pictured (left to right): Fred Sullivan Jr., Brian McEleney, Anne Scurria and Mauro Hantman in Twelfth Night, directed by Brian McEleney at Trinity Rep. Set designs by Eugene Lee, costumes by William Lane, lighting by John Ambrosone. (Photo: Mark Turek)

by Becca Kidwell

In these harsh economic times, it is difficult to imagine having the same job at the same company for twenty-six years.  It is even more difficult to imagine having a theatre job for longer than the run of one show.  Brian McEleney of Trinity Rep has done both.  This year, he continues his joyful romp through life as director of Trinity Rep’s productions of Absurd Person Singular and The Crucible and actor in The Completely Fictional—Utterly True—Final Strange Tale of Edgar Allan Poe.

Although he did a few plays in high school, it was not until college when he started to think about a theatrical career.  As a senior at Trinity College (where one of his classmates was Anne Scurria—now a fellow company member), McEleney was accepted to Yale and “that convinced me that this could be a serious career, and I’ve done almost nothing else ever since.”  He first taught at Princeton University and The Bread Loaf School of English.  Since 1981, he has taught at Trinity Rep and is currently the head of acting for the Brown/Trinity M.F.A. Program.

With successful productions both in acting and directing, I ask him which he prefers:

“Hard to say which I like more; it’s kind of like asking which of your children is your favorite…  However, preproduction work as a director is tremendous fun — thinking about the play, imagining what the production should look and feel like, finding big ideas that will tie the whole thing together.  And also, when you’re directing, the dreaded labor of learning lines isn’t an issue.  However, after the play opens you’re pretty much done.  As an actor, I love the performing aspect — the fact that you get to do it eight times a week that you get a new chance every day to make it better and deeper.  I love the athletic aspect of acting that you always have to be doing your absolute best and giving the play to a new audience every night.” Continue reading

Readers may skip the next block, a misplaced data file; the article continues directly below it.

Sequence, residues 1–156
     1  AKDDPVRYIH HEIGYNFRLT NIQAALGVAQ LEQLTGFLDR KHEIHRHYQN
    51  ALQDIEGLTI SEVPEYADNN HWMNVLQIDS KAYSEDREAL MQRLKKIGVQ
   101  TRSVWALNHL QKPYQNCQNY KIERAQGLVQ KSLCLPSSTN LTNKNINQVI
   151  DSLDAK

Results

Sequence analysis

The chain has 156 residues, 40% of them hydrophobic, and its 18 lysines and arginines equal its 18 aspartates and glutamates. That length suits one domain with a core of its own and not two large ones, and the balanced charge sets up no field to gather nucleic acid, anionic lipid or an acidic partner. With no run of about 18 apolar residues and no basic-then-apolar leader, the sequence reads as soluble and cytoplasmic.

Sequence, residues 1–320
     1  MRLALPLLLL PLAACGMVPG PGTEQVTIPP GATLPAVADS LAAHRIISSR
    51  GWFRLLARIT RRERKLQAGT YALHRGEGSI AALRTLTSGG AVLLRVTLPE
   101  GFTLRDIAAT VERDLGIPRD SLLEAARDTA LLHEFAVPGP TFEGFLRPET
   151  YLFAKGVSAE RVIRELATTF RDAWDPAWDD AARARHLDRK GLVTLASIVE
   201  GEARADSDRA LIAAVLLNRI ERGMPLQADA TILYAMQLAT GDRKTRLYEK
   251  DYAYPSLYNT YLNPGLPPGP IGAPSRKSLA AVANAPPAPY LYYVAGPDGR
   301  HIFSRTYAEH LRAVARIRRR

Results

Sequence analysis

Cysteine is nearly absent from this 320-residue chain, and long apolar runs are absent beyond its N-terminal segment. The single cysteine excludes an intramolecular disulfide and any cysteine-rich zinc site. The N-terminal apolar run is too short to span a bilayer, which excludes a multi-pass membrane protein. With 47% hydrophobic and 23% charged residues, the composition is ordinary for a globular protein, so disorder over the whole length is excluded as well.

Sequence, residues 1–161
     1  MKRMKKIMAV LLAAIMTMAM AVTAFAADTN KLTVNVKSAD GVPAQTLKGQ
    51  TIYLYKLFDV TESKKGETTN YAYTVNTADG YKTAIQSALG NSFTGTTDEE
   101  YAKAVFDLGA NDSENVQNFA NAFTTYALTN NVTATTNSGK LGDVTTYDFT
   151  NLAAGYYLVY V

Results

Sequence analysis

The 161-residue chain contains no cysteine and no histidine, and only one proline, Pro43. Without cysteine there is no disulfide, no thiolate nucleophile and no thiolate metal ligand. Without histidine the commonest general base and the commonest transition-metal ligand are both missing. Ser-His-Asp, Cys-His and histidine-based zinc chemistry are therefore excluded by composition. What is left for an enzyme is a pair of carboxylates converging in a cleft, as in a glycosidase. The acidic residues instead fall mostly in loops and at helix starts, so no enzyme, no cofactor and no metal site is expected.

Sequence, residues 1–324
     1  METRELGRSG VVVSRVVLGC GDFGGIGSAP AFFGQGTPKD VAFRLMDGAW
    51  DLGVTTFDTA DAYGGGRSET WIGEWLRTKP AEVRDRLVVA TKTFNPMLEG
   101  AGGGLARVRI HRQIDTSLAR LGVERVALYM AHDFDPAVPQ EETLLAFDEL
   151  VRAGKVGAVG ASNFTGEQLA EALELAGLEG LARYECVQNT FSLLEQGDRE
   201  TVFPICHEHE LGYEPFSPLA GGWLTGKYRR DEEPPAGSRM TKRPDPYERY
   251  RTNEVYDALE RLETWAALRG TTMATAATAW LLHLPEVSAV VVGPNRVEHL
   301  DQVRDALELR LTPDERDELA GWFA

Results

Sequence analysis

Oct 26

A Play of Imagination Leaves Little to Imagine

The Turn of the Screw by Jeffrey Hatcher, Stoneham Theatre, 10/21/10-11/7/10

http://www.stonehamtheatre.org/

Photo: Craig Bailey/Perspective Photo

Reviewed by Becca Kidwell

Gianni Downs’ minimalistic scenery welcomes the audience to an atmospheric ghost story.  As the audience enters the theatre, they see a raked black stage with a single deep purple velvet chair and slight blue lighting on the stage.  However, the main focal point runs from the stage to the balcony—a collection of ropes tied off in waves across the ceiling that lead to ropes hanging down next to the chair.  I’m intrigued.  Upon reading the director’s notes in the program, I am enthusiastic to see her desire to honor Henry James’ preference to leave fear to the imagination.  Unfortunately, from the time the house lights go down to the curtain call, I see too much.  The heavy-handed interpretation of the director combined with exaggerated characterizations lead to a production that is only scary in that it does not trust its material or its audience. Continue reading